By Dennis Rich email@example.com
April 18, 2014
When school ends for the summer break a flock of volunteers will take to Washington Elementary School and more than 30 other Pettis County sites with one mission in mind — feeding hungry children.
Now in its sixth year, the Summer Food Program is anticipating serving some 72,000 meals, peaking at as many as 1,300 a day, in a program lead by Open Door Service Center in partnership with the Missouri Department of Health and Senior Services and the U.S. Department of Agriculture.
Originally launched by former Sedalia Salvation Army’s Maj. Mark Haslett and Volunteer Coordinator Sue Foster, the program will transition this year from the Salvation Army to a new home and renewed mission at Open Door.
Open Door Executive Director Jack Menges called the move a logical step as the program continues to grow.
“It’s really a perfect fit,” Menges told the Democrat on Thursday. “We had some discussions with Salvation Army and they had some other things they wanted to focus on, so it just made sense to bring it to Open Door.”
Menges and Don Barbour, Open Door’s board chairman, credited Foster with championing the program when she took on her new role as outreach coordinator at Open Door in November.
Barbour said he and other board members supported the change and believe the program can continue to grow at its new home.
In fact, the new program will merge this summer with a similar program operated by Barbour’s home church, Immanuel United Church of Christ, which has offered its own food program, feeding about 150 kids a day, for the last 3 years.
The Summer Food Program uses a network of 72 daily volunteers to man churches, park sites, mobile home parks and other public areas throughout the county to deliver meals to youth 18 and under. Some sites operate five days a week, while others offer meals on a less frequent basis each week.
In addition to daily meals, volunteers also distribute weekend food packs meant to help alleviate the needs of poor families who suddenly find their already sparse resources stretched even further once children are home for the summer and relying on household income for all their meals.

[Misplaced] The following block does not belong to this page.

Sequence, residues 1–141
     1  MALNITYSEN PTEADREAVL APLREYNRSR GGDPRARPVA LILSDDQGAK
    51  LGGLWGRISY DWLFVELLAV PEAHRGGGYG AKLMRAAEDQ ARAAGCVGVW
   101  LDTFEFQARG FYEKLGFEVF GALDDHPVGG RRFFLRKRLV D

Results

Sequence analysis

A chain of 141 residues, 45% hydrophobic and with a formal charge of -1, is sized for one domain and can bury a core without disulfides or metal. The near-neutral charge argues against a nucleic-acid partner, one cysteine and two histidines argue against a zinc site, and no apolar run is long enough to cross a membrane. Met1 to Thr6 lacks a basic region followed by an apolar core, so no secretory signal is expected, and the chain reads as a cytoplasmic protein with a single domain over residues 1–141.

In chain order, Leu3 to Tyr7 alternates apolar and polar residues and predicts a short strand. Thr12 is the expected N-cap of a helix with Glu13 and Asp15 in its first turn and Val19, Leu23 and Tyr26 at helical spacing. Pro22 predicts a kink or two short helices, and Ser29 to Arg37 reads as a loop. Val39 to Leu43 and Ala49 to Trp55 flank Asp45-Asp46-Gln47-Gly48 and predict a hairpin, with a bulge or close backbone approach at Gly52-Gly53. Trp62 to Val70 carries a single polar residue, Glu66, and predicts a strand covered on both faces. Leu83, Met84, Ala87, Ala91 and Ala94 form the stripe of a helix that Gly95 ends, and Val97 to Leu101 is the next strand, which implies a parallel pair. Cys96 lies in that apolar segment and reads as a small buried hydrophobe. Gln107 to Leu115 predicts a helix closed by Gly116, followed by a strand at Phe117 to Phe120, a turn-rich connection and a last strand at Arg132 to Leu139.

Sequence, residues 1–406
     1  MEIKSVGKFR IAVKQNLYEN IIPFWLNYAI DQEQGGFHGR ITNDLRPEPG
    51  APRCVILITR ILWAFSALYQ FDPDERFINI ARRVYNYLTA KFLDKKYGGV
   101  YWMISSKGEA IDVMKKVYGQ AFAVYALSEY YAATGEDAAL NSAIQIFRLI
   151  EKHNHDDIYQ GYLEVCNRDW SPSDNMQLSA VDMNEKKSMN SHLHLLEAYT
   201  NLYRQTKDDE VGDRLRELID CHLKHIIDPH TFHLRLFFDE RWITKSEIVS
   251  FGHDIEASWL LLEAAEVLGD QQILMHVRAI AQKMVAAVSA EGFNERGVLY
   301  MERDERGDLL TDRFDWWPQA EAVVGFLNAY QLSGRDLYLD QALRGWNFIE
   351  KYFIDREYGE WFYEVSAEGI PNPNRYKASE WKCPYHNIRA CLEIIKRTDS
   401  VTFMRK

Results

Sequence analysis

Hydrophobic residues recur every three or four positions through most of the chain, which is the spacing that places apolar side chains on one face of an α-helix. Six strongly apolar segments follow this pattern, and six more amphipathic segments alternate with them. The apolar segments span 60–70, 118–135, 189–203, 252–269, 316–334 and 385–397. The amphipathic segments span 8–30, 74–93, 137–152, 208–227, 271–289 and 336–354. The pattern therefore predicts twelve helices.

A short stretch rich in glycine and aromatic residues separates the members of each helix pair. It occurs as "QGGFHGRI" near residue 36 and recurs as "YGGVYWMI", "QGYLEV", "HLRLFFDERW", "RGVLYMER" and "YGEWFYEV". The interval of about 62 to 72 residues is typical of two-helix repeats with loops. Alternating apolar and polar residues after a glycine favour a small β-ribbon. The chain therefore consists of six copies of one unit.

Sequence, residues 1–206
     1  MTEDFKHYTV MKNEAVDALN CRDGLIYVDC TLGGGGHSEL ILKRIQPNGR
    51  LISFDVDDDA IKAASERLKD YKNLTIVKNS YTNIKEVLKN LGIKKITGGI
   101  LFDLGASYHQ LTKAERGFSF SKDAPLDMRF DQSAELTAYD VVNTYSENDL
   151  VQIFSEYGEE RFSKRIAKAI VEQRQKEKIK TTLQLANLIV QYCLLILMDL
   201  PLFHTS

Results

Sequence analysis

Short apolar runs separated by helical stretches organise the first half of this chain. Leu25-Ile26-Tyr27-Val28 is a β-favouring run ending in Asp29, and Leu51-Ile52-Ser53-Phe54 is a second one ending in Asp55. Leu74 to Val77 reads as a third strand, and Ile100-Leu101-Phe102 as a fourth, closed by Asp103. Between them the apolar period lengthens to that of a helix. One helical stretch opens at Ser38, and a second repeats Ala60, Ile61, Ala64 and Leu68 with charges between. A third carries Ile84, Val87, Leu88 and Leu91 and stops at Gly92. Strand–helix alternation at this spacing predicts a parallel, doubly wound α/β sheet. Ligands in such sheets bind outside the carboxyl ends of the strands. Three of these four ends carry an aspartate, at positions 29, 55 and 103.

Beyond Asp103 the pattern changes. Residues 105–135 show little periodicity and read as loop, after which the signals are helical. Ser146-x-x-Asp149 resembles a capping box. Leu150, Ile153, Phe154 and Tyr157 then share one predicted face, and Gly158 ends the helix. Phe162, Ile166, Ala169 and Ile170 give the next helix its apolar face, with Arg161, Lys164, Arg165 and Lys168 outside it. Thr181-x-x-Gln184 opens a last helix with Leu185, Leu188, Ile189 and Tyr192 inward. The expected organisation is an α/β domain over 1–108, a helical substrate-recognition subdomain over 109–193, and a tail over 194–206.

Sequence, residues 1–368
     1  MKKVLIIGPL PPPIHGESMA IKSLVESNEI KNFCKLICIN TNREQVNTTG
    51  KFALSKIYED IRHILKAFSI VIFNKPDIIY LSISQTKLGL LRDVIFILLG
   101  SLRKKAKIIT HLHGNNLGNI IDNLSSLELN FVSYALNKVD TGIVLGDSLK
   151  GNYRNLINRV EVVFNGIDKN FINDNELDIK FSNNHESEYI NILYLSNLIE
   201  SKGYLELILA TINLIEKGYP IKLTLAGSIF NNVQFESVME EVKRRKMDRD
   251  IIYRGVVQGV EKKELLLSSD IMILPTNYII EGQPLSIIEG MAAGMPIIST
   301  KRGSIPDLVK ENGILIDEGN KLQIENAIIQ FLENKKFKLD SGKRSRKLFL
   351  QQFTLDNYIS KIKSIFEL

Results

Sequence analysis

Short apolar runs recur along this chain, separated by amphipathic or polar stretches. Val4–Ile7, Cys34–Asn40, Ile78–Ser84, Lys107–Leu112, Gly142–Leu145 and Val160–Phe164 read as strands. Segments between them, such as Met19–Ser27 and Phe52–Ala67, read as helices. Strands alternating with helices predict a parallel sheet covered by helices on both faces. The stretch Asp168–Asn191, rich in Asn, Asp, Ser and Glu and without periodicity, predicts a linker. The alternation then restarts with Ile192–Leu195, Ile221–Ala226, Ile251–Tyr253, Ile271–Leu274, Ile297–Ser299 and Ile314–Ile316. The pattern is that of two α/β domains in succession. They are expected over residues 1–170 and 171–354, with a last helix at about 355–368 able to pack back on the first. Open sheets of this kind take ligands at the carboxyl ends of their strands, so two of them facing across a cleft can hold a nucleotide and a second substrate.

The program is supported through state and federal grants made available to areas whose school populations have at least 50 percent receiving free or reduced lunches. The program purchases food and pays material and labor costs — including hiring eight area school lunch cooks — which are then reimbursed.
“The entire county is at least 50 percent free or reduced lunch, so we are able to serve the entire area,” Menges said.
While the grant money provides essential resources, Menges, Barbour and Foster all agree that community support and volunteer efforts remain the heart of the program.
“We simply could not do this without the volunteers,” Foster said. “They really come in and take ownership of their site. Our volunteer retention rate is probably 90 percent or better. By the end of the summer the volunteers are usually on a first name basis with all of the kids — you can really tell they care about what they are doing.”
Menges added he hopes to see the program add additional volunteers and serving sites in the coming years.
“This is always such a giving community. The more volunteers we have the more sites we can make available,” Menges said. “When you look at how this community operates, people are always willing to help out a program when they see it is serving a real need in the community.”
Groups or individuals that would like to volunteer or suggest a potential serving site may call Open Door at 827-1613